Of notice, most athletes continued to practice regular physical exercise through the years, although the mean hours of training per week dropped, although still in a range of training that can be considered at least moderate.

Interestingly, at FU the athletes, in addition to a slight increase in ANSI, suggestive of improved cardiac autonomic regulation, showed a decreased sympathetic modulation directed to the heart and an enhanced vagal one, as mirrored by an higher HFRR,nu and a lower LFRR and LFRR,nu compared with B. This observation is somehow opposite to what expected during the physiological ageing process, which is characterised by a progressive increase of the sympathetic tone and a decrease of the vagal one.29–31 This apparent discrepancy could just reflect the effect of the reduced amount of physical exercise weekly in a group of athletes used to train much more and to have high cardiac sympathetic modulation at rest. If so, a regular and strenuous endurance exercise practiced at the time of the first study11 likely elicited a transient increase of cardiac sympathetic drive,32 that is, reversible by the modification of training intensity, that did not represent a risk factor for the development of echocardiographic abnormalities or cardiovascular disease.

The cardiovascular autonomic regulation seems to be also well preserved, as demonstrated by the normal to elevated BRS gain at rest and normal adaptation to the orthostatic challenge. Indeed, in response to the active standing, the heart rate increased, the indices of cardiac sympathetic modulation increased (LFRR and LFnu,RR) together with the withdrawal of the indices of cardiac vagal modulation (HFRR and HFnu,RR). The indices linked to the sympathetic modulation directed to the vessels (σ2SAP and LFSAP) also increased, and the BRS indices decreased, as expected in healthy subjects.22 24

In conclusion, this study suggests that a regular moderate-vigorous physical training through the years was beneficial in a group of middle-aged amateur half-marathon runners.

In fact, the slight rightward shift of normalised RR variability power, as evidenced by the higher HFRR,nu at FU, combined with the elevated BRS gain, is likely to reflect the autonomic remodelling mediated by continued endurance training, although maintained at a lower intensity, that these athletes sustained through at least 10 years.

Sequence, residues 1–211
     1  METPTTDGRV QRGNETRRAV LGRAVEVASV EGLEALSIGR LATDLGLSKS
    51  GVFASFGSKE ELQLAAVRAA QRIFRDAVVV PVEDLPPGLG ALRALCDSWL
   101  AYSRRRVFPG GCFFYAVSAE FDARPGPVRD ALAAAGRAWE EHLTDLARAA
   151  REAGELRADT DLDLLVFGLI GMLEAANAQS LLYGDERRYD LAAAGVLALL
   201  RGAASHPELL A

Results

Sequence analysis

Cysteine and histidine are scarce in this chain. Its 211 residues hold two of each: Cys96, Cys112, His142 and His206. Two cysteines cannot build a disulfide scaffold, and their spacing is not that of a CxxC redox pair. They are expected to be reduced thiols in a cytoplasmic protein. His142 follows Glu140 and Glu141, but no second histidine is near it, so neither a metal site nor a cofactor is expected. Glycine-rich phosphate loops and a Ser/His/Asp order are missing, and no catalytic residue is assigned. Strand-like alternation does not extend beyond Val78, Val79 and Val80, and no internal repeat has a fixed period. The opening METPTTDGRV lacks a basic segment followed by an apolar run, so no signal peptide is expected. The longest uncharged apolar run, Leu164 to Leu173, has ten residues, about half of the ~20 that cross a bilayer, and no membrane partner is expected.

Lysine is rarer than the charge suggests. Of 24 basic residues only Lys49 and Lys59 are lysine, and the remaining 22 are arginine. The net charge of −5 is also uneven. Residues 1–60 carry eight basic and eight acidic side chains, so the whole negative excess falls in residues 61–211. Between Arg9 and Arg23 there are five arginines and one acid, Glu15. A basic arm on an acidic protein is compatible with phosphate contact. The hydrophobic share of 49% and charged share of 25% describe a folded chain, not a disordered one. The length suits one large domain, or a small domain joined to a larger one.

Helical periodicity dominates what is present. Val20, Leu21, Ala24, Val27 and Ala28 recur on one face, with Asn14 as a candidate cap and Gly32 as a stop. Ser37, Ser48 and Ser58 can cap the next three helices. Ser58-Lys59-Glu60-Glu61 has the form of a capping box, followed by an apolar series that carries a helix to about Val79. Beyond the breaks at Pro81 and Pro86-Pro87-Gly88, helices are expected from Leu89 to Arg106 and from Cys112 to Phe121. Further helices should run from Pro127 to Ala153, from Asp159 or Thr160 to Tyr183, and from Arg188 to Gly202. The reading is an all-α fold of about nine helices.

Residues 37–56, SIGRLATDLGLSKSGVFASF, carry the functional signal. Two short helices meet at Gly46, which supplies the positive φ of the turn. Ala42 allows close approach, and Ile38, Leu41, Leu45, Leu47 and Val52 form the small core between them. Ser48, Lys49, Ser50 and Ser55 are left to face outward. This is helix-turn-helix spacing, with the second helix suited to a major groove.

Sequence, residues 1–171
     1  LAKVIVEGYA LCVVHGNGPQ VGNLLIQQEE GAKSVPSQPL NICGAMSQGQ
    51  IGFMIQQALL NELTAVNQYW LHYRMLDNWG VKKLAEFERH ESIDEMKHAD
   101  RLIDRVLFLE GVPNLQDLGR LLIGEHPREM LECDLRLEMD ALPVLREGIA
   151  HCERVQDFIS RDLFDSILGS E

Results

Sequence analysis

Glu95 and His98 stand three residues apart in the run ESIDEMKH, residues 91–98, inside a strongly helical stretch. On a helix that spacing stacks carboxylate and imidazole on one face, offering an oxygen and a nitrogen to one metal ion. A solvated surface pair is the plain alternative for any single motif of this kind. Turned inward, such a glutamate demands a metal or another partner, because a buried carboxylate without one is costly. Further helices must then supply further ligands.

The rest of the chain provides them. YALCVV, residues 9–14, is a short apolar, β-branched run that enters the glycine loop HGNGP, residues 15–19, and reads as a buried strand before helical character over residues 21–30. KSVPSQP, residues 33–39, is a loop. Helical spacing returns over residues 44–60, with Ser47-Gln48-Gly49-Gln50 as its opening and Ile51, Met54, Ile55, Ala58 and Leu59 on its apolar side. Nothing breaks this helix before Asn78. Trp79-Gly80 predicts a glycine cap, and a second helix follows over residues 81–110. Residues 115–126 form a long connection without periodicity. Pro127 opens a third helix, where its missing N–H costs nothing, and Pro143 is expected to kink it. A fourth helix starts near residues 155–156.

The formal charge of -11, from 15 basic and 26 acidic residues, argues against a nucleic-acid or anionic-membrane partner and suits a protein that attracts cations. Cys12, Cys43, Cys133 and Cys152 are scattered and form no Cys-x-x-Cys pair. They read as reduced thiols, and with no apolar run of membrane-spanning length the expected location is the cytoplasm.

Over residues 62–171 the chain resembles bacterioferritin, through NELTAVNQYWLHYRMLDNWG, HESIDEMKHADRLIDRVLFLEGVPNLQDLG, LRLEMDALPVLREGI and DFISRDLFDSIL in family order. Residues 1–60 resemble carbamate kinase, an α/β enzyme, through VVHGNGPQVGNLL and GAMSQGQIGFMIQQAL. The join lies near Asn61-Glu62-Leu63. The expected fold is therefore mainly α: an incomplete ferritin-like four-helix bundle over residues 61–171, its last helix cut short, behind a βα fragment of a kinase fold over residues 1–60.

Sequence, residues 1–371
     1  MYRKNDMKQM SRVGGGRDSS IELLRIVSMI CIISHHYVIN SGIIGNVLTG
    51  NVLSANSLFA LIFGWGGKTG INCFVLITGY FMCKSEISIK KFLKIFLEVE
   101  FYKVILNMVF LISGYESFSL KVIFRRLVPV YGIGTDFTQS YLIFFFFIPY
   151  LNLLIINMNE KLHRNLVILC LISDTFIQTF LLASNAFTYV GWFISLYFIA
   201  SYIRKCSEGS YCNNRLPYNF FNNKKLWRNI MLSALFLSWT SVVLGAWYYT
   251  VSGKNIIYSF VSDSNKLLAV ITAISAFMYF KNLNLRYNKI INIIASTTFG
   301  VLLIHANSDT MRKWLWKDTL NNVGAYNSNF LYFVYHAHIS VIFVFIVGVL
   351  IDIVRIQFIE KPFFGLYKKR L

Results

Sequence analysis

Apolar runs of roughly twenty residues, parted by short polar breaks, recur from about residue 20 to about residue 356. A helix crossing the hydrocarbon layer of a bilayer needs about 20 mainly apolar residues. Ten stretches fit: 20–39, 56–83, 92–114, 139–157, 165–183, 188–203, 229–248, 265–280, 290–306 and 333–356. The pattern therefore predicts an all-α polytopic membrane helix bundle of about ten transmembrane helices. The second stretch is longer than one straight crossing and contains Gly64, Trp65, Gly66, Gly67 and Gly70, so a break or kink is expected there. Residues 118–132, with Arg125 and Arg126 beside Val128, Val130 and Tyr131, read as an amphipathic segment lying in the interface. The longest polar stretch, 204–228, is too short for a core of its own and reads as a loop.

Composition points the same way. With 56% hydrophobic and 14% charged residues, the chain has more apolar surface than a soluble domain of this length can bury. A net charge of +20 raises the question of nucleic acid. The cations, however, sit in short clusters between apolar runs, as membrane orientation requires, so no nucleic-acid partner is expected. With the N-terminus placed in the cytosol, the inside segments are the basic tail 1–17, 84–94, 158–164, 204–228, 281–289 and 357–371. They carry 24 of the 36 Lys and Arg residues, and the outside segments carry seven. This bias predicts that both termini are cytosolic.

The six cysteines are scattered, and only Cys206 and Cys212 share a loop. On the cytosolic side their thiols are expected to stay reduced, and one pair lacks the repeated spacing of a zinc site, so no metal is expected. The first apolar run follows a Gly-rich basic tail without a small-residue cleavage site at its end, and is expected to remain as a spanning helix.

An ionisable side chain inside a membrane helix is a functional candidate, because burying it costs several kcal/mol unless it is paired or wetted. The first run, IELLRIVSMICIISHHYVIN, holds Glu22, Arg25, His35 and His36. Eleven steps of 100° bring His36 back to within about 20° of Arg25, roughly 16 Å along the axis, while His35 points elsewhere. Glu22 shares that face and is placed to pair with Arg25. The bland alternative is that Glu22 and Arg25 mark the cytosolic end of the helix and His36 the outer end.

The main strength of this study, even with a small study population, is the assessment of the long-term effect of physical training in a group of middle-aged subjects, a crucial age for the development of cardiac disease. The high percentage of dropouts and the limited sample size, together with the lack of a control group of sedentary subjects, represent a limitation of the present study.

Future research should deepen the long-term effect of moderate physical training in a larger sample of subjects, including those with sedentary habits, in order to also recognise the effects of physical training on the ageing process and the favourable effects in slowing cardiovascular function decline.33 34 In addition, future studies are advocated to assess the sex differences both in trained and sedentary subjects.9

Acknowledgments

The authors thank all the volunteers who adhered to the experimental protocol. They thank Franco Corona, President of the Asd Atletica Cento Torri Pavia for the organisational support.

References

Footnotes

  • Contributors All authors have taken due care to ensure the integrity of the work, meet authorship criteria of the uniform requirements as follows. LADV and BDM contributed to conception and design of the study. LADV and MOG contributed to clinical assessment and follow-up. MOG, CM and BDM contributed to execution of tests and acquisition of data. BDM, LADV, DL, AMC and MP contributed to analysis and interpretation of the data. LADV and BDM contributed to drafting of the manuscript. All authors contributed to review and approval of the manuscript.

  • Funding The authors have not declared a specific grant for this research from any funding agency in the public, commercial or not-for-profit sectors.

  • Competing interests None declared.

  • Patient consent for publication Not required.

  • Ethics approval The study conformed to the Principles of the Declaration of Helsinki. The protocol was approved by the local Ethics Committee (ICS Maugeri Ethics Committee, Pavia, Italy, approval # 2277CE). Each subjects signed a written informed consent.

  • Provenance and peer review Not commissioned; externally peer reviewed.

  • Data availability statement Data are available upon request to the corresponding author. All data are stored in a dedicated archive at IRCCS Istituti Clinici Scientifici Maugeri, Milan, Italy.

Request Permissions

If you wish to reuse any or all of this article please use the link below which will take you to the Copyright Clearance Center’s RightsLink service. You will be able to get a quick price and instant permission to reuse the content in many different ways.